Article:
Rudisha’s appearance in the Qatari capital, the seventh of his career, will signal the Kenyan’s eagerly anticipated comeback after a knee injury cut his season short after just two races last season.
“Of course I was injured last season,” said the 25-year-old Kenyan, who won at the Doha DL last year for the fourth time. “That was disappointing but I’ve worked hard to get fit and healthy again and I am looking forward to running 800 metres again in Doha.”
Rudisha, who produced one of the finest moments in Olympic history with his spectacular 1:40.91 world record run in London, has been a familiar fixture in Doha since his first appearance in 2007.
That year, as a junior, he finished sixth, but returned the following year to claim his first victory in 1:44.36. He was fourth in 2009 but bounced back with solid victories in 2010 and 2012, clocking 1:43.00 and 1:43.10 respectively, both early season world leading marks.
“I am very happy to be coming back to Doha. It’s a meet that has always had good races and been a good start to my season,” Rudisha said.
“This is a year without a major Championship so I have time to progress and get back to my best. I hope to run in Glasgow at the Commonwealth Games however before that I am pleased to be back running in the Diamond League meetings.”
“We are really looking forward to welcoming back David Rudisha for the second time after his historical performance at the London Olympics,” said Qatar Athletics Federation Secretary General Mohamed Al-Kuwari.
“He truly is one of the best athletes in the world, already a legend of his event. Like many other athletics fans, we will be very interested to see him back in competition after he missed most of last season due to injury.”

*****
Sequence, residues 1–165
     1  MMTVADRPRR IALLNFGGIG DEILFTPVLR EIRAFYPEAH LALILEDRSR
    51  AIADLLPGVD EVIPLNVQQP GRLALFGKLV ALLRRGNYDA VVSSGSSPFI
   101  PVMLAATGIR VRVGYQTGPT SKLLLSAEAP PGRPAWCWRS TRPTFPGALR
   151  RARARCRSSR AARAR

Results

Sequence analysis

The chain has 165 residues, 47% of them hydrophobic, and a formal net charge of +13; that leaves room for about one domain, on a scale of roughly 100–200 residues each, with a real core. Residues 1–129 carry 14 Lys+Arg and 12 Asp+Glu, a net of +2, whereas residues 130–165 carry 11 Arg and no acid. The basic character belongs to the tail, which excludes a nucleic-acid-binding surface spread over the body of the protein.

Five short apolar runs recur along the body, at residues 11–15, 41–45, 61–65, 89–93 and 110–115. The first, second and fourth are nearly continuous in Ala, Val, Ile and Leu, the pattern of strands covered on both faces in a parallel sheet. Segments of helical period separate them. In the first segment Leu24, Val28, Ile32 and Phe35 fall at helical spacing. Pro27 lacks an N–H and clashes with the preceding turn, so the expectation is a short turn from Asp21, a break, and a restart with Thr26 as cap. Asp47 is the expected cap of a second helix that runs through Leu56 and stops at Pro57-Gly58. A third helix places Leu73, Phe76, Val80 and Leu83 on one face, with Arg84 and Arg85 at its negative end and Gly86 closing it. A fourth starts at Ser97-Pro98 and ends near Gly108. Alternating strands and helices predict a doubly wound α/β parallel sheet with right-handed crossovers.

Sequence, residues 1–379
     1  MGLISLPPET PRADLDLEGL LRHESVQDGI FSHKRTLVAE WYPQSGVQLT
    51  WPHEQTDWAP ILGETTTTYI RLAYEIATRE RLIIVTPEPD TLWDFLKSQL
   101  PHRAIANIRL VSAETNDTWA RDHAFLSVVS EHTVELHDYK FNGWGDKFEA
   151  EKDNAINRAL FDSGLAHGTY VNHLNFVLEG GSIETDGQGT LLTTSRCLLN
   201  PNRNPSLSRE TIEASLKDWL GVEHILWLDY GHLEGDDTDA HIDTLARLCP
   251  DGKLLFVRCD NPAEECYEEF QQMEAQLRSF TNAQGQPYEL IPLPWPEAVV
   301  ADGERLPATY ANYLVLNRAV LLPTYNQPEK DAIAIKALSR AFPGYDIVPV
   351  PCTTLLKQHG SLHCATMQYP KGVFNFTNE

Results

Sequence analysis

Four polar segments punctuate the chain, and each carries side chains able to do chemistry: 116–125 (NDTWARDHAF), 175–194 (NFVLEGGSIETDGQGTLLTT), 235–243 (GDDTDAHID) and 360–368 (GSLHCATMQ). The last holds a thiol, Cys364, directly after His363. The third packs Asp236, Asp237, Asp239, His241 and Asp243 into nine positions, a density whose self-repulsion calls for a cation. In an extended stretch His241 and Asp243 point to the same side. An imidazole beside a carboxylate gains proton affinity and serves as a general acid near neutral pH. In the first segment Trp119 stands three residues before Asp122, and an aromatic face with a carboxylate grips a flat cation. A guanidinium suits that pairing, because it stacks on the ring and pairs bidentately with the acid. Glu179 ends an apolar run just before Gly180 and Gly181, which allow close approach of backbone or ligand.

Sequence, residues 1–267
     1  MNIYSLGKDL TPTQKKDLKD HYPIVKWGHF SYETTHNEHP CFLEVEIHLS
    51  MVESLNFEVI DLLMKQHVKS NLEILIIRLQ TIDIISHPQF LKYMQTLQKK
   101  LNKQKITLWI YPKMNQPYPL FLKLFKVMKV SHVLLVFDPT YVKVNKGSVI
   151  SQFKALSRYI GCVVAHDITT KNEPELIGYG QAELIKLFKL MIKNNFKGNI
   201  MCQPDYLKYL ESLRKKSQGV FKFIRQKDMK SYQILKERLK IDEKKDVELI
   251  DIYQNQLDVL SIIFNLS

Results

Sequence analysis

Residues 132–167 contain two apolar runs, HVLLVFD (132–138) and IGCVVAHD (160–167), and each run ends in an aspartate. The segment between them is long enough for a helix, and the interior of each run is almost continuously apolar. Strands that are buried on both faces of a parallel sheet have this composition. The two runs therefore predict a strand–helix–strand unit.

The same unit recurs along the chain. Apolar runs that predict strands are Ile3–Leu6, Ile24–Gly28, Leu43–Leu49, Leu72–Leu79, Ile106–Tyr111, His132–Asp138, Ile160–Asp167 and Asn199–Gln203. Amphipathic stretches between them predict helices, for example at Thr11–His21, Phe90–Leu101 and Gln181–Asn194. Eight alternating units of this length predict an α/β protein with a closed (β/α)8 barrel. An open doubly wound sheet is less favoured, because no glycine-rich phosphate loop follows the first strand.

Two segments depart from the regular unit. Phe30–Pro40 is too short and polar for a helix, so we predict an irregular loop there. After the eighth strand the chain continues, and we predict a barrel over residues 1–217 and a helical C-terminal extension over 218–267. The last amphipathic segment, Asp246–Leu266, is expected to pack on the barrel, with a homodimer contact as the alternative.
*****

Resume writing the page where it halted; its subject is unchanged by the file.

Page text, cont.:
Leading the charge against the Kenyan will be Nijel Amos of Botswana who finished second to Rudisha in London clocking a world junior record 1:41.73, while Qatar will be well represented by national record holder Abdulrahman Musaeb Bala (1:43.93), the 2013 Asian champion and rising star Jamal Hairane.
Andrew Osagie, another London 2012 finalist, will also be in the field on the heels of his second successive world indoor bronze medal-winning run.
Genzebe Dibaba excites
Despite Rudisha and Barshim’s credentials, the most exciting track and field athlete in the world at the moment is Genzebe Dibaba who will headline the women’s 3000m contest in Doha.
In a span of just five days in February, the 23-year-old Ethiopian shattered two world indoor records, first over 1500m in Karlsruhe, Germany and then at 3000m in Stockholm.
Her 3:55.17 run in the 1500m knocked more than three seconds from the previous mark while her 8:16.60 performance in the Stockholm 3000m smashed the old record by more than seven seconds.
It was the fastest performance the world has witnessed since 1993 indoors or outdoors; only three women have ever run faster, all outdoors.
Dibaba, the younger sister of Olympic champion Tirunesh, then capped her indoor campaign with a world 3000m title in Sopot last month. With that sort of momentum, she’ll be extremely difficult to beat.
Kenyans appear poised to provide the strongest challenge, led by Mercy Cherono, the 5000m silver medallist from last year’s World Championships. Viola Kibiwott, fourth in the 2013 world 5000m final, and Hellen Obiri, the world bronze medallist last year in the 1500m, are also in the field.
Dibaba’s compatriot Almaz Ayama, the 2013 world bronze medallist over 5000m, is also on the slate.